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Eager to put their new found scientific knowledge to work, scientists have already begun some of those studies. At Washington University, Stamatoyannopoulos and his colleagues found that gene changes identified by GWAS as involved in 17 different types of cancer seem to affect nearly two dozen transcription factors that translate raw DNA into the RNA that turns into functional proteins. This common molecular thread may lead to new treatments that control the function of these transcription factors in not just one but all 17 cancers, including ovarian, colon and breast diseases. “This indicates that many cancers may have a shared underlying genetic predisposition,” he told reporters. “So we can make connections between diseases and genome control circuitry to understand relationships where previously there was no evidence of any connection between the diseases.”

ENCODE may shed significant light on our most common chronic diseases, including diabetes, heart disease and hypertension, which result from a complex recipe of dysfunction, not just in single genes like, but in a variety of hormones, enzymes and other metabolic factors. Changes in the way some genes are turned on or off may explain the bulk of these conditions, and ultimately make them more treatable. “By and large, we believe rare diseases may be caused by mutations in the protein [or gene-]coding region,” says Green, while the “more common, complicated diseases may be traced to genetic changes in the switches.”

In another example of ENCODE’s power, Birney says the genetic encyclopedia has also identified a new family of regulators that affect Crohn’s disease, an autoimmune disorder that causes the body’s immune cells to turn on intestinal cells. The finding could lead to novel, potentially more effective therapies. “I’ve had more clinical researchers come to my door in the past two years than in the previous 10,” Birney said. “It’s going to be really good fun producing lots of insights into disease over the next couple of years.”

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Not only does ENCODE open doors to new therapies, it also furthers our basic understanding of human development. At the heart of many genetic researchers’ investigations is the desire to understand how each cell in our body, from those that make up our hair to those that reside in our toenails, can contain our entire genome yet still manage to look and function in such widely divergent ways. ENCODE’s scientists knew that certain regulatory mechanisms dictated when and where certain genes were expressed and in what amount in order to give rise to the diversity of cells and tissues that make up the human body, but even they were surprised by just how intricate the choreography turned out to be. “Most people are surprised that there is more DNA encoding regulatory control elements, or switch elements for genes, than for the genes themselves,” Michael Snyder, director of the center for genomics and personalized medicine at Stanford University and a member of the ENCODE team, told Healthland.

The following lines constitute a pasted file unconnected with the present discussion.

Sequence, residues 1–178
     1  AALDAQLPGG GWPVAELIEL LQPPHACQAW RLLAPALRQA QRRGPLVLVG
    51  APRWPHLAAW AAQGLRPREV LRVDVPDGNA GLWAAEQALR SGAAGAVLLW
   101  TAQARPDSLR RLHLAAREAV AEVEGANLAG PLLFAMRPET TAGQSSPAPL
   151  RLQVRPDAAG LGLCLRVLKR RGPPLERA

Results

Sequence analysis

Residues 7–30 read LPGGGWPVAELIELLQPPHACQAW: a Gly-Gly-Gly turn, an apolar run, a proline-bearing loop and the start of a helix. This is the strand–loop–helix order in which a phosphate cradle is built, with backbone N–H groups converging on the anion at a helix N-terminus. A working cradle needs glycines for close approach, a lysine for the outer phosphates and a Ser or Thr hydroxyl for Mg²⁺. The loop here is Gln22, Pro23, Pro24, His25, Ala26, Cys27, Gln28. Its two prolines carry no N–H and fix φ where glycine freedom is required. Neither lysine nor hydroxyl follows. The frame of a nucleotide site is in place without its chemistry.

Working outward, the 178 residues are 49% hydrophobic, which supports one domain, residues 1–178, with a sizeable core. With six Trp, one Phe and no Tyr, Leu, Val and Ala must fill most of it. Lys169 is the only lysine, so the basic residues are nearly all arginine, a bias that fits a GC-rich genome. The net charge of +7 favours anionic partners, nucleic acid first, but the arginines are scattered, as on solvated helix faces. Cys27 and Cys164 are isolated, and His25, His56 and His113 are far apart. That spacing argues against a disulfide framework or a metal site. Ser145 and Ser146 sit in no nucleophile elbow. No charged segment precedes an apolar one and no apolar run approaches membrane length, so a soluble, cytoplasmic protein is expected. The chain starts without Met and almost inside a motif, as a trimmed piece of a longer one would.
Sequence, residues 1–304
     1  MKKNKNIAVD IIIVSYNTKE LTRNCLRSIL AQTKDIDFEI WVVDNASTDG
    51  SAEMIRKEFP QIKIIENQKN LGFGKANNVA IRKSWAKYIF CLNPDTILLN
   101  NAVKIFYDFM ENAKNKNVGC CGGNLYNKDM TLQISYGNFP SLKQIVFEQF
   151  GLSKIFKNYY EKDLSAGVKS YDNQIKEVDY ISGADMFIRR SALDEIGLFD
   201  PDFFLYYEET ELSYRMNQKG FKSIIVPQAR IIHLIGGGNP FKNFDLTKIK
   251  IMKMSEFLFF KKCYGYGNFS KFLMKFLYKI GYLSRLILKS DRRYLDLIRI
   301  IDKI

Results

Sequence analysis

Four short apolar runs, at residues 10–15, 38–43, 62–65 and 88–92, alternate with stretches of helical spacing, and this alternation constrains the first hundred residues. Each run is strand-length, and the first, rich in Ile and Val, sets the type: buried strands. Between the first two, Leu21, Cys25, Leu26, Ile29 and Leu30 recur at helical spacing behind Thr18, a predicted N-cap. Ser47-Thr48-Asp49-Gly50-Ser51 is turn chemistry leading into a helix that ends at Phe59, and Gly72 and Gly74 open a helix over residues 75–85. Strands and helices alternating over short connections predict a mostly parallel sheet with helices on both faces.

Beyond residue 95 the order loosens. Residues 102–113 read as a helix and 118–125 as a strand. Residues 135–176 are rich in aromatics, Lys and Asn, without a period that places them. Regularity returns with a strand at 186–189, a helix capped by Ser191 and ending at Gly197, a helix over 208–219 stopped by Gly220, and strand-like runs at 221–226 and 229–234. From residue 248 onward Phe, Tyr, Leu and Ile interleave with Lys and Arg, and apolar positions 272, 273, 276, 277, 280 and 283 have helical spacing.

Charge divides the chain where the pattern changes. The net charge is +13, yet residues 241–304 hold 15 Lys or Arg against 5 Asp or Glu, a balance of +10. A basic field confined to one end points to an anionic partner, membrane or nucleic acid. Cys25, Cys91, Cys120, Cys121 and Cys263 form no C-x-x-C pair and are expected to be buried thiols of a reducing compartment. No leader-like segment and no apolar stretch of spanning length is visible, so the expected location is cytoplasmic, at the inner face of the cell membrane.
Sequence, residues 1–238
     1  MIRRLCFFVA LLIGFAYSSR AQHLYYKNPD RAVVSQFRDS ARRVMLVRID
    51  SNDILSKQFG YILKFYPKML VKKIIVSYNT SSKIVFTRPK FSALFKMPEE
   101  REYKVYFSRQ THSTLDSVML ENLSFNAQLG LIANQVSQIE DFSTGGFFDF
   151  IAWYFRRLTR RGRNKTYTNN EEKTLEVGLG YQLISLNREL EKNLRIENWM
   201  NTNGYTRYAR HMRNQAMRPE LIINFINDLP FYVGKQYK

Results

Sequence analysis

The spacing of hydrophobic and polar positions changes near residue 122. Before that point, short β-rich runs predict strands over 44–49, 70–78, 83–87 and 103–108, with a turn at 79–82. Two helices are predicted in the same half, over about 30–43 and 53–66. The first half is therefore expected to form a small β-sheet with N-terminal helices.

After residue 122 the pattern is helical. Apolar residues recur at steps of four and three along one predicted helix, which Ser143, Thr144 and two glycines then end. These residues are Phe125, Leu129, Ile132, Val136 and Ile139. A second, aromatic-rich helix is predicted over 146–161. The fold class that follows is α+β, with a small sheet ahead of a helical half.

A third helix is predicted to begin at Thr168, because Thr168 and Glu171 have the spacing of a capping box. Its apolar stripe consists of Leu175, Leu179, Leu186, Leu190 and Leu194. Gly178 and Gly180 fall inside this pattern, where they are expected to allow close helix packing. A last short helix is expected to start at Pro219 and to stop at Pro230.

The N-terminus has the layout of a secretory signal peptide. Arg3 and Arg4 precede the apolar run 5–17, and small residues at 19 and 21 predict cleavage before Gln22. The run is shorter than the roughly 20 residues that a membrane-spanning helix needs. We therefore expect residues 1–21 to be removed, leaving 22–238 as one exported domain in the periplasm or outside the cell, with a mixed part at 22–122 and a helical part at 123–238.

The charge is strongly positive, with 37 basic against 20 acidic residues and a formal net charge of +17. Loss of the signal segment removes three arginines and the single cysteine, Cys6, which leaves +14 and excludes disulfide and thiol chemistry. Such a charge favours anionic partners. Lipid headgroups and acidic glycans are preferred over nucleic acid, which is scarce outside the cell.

In keeping with the open-access model established by the Human Genome Project, ENCODE’s data is available in its entirety to researchers for free on the consortium’s website. The database will undoubtedly fuel a renewed interest in genome-based approaches to both diagnosing and treating disease. Despite initial excitement in the field, in the years since the genome was mapped, gene-guided treatments and gene-therapy approaches to treating disease have proven difficult to bring to the clinic; part of the challenge, geneticists now say, may have been related to the fact that they didn’t fully understand how to control the genes that were affected by disease.

“I am pretty sure this is the science for this century,” Birney said. “We are going to work out how we make humans, starting from the simple instruction manual.” And perhaps we’ll figure out how to make humans healthier as well.

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Alice Park is a writer at TIME. Find her on Twitter at @aliceparkny. You can also continue the discussion on TIME’s Facebook page and on Twitter at @TIME.